NEW YORK (May 14): Global shares rose on Friday (May 13) as Wall Street rallied to end a volatile week of trading, while oil jumped 4% on the back of record-high US gas prices.
Global markets and US stocks were down sharply most of this week as investors grew anxious about the possibility of recession. The S&P 500 Index was off nearly 20% from its all-time high in January and was close to a bear market on Thursday.
But investors' fears over whether US Federal Reserve chair Jerome Powell can accomplish a "soft landing", bringing inflation down while keeping the US economy growing, appeared to ease at least temporarily on Friday.
MSCI's gauge of stocks across the globe had gained 2.3% at 4.07pm ET (2007 GMT) after hitting its lowest since November 2020 on Thursday. The pan-European STOXX 600 Index rose 2.14%.
According to preliminary data, the S&P 500 gained 94.57 points, or 2.41%, to end at 4,024.65 points, while the Nasdaq Composite gained 436.61 points, or 3.84%, to 11,807.57. The Dow Jones Industrial Average rose 466.43 points, or 1.47%, to 32,196.73.
Despite Friday's gains, the S&P 500 and the Nasdaq posted their sixth consecutive weekly loss, and the Dow notched its seventh consecutive weekly dip.
Emerging-market stocks rose 1.83%. MSCI's broadest index of Asia-Pacific shares outside Japan rallied 2.01% from Thursday's 22-month closing low. Japan's Nikkei rose 2.64%.
"Stocks are ready to rebound as some investors remain hopeful the Fed will deliver a soft landing, while others are ready to buy the dip," said Edward Moya, an analyst at OANDA.
Cryptocurrencies steadied on Friday, with Bitcoin recovering from a 16-month low after a volatile week dominated by the collapse in value of TerraUSD, a so-called stablecoin.
Bitcoin, the largest cryptocurrency by market value, rose 3.5% to US$29,884 (about RM131,430), rebounding from a December 2020 low of US$25,400 hit on Thursday. Bitcoin remained far below week-earlier levels of around US$40,000 and was on track for a record seventh consecutive weekly loss.
Oil prices jumped 4% as US gasoline prices jumped to a record high and China looked ready to ease Covid-19 pandemic restrictions.
Brent futures rose US$4.10, or 3.8%, to settle at US$111.55 a barrel. US West Texas Intermediate crude rose US$4.36, or 4.1%, to settle at US$110.49.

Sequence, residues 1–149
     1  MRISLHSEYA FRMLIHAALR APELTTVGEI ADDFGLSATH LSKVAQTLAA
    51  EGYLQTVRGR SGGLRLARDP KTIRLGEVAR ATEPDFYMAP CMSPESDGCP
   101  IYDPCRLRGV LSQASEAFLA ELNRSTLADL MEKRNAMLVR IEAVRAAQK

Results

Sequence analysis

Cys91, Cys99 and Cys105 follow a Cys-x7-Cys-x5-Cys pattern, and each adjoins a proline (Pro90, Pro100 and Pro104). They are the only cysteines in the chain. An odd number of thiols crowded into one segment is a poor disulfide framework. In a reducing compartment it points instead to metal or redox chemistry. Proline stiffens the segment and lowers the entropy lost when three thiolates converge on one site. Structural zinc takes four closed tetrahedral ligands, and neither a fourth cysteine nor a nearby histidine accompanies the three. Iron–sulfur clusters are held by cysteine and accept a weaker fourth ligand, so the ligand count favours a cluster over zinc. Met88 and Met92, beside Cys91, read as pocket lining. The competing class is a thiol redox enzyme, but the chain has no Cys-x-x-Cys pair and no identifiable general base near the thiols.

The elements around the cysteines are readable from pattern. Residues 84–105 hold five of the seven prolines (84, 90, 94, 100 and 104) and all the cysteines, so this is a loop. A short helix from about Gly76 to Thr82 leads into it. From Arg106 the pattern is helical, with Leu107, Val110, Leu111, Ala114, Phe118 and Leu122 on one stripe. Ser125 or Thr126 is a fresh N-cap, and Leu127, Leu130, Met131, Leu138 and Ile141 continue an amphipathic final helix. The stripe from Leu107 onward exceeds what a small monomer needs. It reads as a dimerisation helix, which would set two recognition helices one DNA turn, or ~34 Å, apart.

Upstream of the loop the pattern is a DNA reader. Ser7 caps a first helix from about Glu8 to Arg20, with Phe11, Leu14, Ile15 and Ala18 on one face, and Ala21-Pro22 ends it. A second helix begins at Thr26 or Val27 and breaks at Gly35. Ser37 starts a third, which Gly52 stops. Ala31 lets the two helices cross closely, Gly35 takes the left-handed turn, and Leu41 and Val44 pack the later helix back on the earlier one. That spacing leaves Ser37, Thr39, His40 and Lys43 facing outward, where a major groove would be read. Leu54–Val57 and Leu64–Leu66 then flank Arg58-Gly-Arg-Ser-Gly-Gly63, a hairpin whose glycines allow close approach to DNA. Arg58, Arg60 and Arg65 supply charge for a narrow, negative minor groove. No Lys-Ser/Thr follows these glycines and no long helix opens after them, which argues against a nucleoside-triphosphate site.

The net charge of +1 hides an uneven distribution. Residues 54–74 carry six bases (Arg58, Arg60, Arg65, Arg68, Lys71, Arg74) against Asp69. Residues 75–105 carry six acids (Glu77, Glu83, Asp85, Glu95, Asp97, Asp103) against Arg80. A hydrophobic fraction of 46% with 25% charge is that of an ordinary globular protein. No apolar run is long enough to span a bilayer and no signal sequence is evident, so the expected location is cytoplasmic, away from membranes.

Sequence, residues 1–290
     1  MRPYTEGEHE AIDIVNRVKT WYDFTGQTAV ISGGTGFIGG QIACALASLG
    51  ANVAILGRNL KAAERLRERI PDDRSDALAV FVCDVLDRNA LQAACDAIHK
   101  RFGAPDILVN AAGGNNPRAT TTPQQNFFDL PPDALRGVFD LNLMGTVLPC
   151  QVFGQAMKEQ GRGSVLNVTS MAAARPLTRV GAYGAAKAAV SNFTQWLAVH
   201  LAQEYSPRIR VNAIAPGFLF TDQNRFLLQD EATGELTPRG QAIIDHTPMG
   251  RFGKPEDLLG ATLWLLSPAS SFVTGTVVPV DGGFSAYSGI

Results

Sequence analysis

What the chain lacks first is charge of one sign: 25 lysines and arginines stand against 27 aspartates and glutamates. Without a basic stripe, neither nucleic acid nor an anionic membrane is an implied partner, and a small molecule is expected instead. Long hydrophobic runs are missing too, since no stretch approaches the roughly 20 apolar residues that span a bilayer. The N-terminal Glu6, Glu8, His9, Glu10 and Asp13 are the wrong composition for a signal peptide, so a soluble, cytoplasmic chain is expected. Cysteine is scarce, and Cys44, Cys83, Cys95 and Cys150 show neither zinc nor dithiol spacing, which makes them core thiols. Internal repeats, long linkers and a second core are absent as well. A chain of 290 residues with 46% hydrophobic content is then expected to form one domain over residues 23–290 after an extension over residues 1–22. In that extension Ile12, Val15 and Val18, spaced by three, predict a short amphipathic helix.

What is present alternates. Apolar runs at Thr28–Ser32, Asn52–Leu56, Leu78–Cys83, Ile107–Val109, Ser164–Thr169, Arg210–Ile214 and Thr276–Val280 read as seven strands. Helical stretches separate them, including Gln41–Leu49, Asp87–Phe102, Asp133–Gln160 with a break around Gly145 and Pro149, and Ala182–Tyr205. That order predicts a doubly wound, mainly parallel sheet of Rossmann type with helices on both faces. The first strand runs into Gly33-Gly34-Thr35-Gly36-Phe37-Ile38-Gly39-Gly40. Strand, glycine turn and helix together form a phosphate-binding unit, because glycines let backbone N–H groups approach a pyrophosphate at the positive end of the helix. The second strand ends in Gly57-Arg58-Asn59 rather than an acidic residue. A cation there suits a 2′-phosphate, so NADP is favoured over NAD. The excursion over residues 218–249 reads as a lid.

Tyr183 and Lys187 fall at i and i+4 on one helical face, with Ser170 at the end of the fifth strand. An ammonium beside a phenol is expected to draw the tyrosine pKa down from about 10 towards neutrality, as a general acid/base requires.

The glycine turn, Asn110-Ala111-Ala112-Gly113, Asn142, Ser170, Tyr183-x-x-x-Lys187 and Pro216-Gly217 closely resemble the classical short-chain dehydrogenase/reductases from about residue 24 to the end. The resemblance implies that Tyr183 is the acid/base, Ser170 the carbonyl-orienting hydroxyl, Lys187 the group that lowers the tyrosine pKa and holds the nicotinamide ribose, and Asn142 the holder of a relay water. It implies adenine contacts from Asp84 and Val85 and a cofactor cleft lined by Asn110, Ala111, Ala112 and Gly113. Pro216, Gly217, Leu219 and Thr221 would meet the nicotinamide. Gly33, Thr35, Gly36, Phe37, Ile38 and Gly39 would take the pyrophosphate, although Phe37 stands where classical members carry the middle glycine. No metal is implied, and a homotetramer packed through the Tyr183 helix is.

Markets are likely to experience a short-term rebound before resuming the sell-off, which has sent Wall Street's Nasdaq tech index down over 25% since the beginning of the year, BofA analysts wrote in a weekly strategy note.
Investors liquidated global equity funds worth US$10.53 billion in the week ended May 11, compared with US$1.65 billion of net selling in the previous week, according to Refinitiv Lipper.
In an interview late on Thursday, Powell said the battle to control inflation would "include some pain", and he repeated his expectations of half-percentage-point interest rate rises in each of the Fed's next two policy meetings.
Headline inflation in the eurozone will fall in the second half of the year but so-called core prices, which strip out food and energy, will keep rising, European Central Bank vice-president Luis de Guindos said on Friday.
The dollar was lower on Friday but remained on track for a weekly gain. The dollar index fell 0.2%, with the euro up 0.21% at US$1.0401.
The Japanese yen weakened 0.77% versus the greenback at 129.32 per dollar, while sterling was last trading at US$1.2232, up 0.27% on the day.
The moves higher in equities were mirrored in US Treasuries, with the benchmark US 10-year yield edging up to 2.9367% from a close of 2.817% on Thursday.
The policy-sensitive two-year yield was 2.5986% from a close of 2.522%.
Gold fell more than 1% on Friday and was set for its fourth straight weekly decline as the dollar's strength sapped appetite for bullion. Spot gold dropped 0.8% to US$1,807.79 an ounce. US gold futures fell 0.59% to US$1,807.40 an ounce.